That year I was driving at the Daily Express Trophy at Silverstone in a Chequered Flag Lotus Elan, and he was driving an Ian Walker Elan. I didn’t know Silverstone at all, how quick you went at Stowe for example. In those days braking distances were quite important, because brakes were nothing like they are today. And I was driving an F3 car on the same day, and maybe a saloon car too. I asked Jimmy, “What’s your braking distance in the Elan going in there?” And he just wouldn’t tell me. It was in a dismissive way, like “Aye, I don’t know…”
I thought, “Hello, if he doesn’t want to tell me, then we must be kind of on the pace!”
At that time we were starting to share an apartment in London with John Whitmore, in Balfour Place we called it the Scottish Embassy. It was only a two-bedroom apartment, but John also had his country house, and we’d always stay there when we were racing at Brands Hatch.
We started to spend a lot of time together, because of the apartment in London. I got on very well with Jim, but he was always a very private man. Very shy, very frugal almost reclusive though introverted is probably the best word. He was very confident of his own talent, but he totally lacked confidence as an individual. He was always uptight, never totally relaxed.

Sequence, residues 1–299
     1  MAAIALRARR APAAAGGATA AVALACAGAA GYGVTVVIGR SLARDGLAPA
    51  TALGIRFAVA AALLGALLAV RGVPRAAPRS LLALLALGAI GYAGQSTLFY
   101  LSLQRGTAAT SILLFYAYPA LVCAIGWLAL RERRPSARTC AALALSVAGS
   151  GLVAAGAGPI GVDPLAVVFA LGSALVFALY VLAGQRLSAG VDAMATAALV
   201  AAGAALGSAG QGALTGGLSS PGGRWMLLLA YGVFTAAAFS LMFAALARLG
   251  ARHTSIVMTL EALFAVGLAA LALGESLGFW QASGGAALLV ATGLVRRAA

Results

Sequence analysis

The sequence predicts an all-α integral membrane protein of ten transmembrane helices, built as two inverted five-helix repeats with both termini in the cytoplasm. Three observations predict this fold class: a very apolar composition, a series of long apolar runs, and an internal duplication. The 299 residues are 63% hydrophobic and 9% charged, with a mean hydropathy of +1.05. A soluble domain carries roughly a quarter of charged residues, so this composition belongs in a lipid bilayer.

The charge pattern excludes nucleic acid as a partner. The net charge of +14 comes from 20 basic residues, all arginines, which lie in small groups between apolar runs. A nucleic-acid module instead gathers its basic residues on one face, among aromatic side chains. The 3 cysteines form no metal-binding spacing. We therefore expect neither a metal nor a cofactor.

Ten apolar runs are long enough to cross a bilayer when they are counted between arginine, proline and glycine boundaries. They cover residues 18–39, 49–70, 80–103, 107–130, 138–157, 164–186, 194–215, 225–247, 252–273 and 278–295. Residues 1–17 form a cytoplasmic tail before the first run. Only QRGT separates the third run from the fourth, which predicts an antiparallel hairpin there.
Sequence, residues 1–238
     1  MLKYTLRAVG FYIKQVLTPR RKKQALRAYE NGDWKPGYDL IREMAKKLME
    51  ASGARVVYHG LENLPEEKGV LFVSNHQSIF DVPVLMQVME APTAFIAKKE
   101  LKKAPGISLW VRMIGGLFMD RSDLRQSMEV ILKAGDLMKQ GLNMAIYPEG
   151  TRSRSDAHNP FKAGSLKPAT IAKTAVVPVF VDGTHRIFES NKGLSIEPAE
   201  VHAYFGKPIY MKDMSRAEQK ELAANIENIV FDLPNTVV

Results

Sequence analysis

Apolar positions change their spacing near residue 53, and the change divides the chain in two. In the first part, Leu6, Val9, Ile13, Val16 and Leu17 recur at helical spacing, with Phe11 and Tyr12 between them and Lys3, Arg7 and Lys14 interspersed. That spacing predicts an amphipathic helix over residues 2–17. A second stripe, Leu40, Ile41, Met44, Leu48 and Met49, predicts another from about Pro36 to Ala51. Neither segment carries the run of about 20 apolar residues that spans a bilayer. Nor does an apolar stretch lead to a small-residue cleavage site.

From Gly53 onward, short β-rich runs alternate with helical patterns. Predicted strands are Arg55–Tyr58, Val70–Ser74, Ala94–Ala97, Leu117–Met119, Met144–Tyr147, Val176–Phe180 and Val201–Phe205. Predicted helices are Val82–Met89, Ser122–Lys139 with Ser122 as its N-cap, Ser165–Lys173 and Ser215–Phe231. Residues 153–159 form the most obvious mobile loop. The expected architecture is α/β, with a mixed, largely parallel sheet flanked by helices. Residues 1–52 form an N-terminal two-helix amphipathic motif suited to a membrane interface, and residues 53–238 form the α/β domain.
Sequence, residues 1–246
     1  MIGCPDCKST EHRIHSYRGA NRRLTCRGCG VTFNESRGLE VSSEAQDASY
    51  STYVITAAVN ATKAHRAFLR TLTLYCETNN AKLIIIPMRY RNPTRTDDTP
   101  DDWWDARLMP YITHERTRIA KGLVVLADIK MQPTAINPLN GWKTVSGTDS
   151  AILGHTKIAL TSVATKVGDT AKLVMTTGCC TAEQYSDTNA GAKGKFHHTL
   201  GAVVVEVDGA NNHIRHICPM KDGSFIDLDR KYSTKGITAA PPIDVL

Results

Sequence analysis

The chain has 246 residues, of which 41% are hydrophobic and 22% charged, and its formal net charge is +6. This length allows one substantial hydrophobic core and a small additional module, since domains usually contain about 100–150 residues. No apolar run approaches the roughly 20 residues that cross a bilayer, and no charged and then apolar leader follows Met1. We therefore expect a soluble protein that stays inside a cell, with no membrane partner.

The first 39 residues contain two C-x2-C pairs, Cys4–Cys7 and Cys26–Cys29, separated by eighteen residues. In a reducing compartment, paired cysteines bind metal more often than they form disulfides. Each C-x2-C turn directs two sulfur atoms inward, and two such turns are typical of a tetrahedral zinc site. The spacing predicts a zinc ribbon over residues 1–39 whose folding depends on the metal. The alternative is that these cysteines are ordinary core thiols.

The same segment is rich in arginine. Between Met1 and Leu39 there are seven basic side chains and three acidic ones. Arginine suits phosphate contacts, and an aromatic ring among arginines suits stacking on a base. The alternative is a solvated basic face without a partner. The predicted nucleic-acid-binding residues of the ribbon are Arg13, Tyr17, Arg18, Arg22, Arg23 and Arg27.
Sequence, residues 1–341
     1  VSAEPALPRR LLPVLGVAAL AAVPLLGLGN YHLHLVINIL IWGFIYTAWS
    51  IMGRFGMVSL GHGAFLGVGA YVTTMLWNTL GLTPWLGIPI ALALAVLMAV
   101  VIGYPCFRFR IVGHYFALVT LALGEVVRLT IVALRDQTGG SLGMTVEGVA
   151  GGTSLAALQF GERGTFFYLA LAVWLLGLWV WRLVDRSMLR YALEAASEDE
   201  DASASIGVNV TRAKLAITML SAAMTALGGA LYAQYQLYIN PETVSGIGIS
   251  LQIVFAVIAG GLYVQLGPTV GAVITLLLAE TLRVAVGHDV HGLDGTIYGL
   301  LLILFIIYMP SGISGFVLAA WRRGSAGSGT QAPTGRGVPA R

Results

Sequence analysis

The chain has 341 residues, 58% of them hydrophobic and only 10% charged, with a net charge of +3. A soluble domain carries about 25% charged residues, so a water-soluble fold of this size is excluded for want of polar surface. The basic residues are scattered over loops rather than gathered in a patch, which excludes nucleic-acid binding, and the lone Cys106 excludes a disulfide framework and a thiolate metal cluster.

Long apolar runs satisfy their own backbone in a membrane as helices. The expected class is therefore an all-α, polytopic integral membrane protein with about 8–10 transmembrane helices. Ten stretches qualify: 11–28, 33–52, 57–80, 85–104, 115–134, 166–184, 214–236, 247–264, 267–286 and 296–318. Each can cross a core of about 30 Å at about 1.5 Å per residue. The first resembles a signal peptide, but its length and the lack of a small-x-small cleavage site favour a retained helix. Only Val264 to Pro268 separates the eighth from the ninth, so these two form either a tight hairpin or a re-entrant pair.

He could be really quite tense.
We’d never cook, so we’d always be going out for dinner, or going to the movies together. But he could be impossible. For him, the grass was always greener on the other side of the fence. It was, “…why don’t we go and try this one?” Nothing was a case of yes or no. It was always a question of having to try the other. We’d leave it so late that there was never a movie that we got into. It was ridiculous.
Later, of course, there was the famous railway incident, which I’ve recounted ever since. It was in Florida, when we were to drive at Sebring. He was driving, and we got to a singletrack railway crossing, and stopped.
Florida is flat as a pancake, and you could see five miles in either direction. I was wondering what’s going on? There was not a thing in sight, and he said, “What do you think?” For me, that epitomised Jimmy’s lack of decision making, his needing somebody else to help him make a decision.
In 1964 I tested a Lotus F1 car, at the British GP meeting at Brands Hatch. It was at the end of practice; Colin Chapman went to the officials and said “I’d like this guy to do a few laps.” The gearbox was the reverse way round, quite complicated. Later that year I had offers from Lotus and BRM for 1965. I might have gone to Lotus, because of Jim. He thought it would be nice for us. I looked very carefully, and decided that every single driver who’d driven with Jim Clark and Team Lotus had never developed to be anywhere else, like Trevor Taylor and Peter Arundell. And Innes hadn’t done very well out of it either. I thought there was one man in Colin’s eyes, and that was Jim.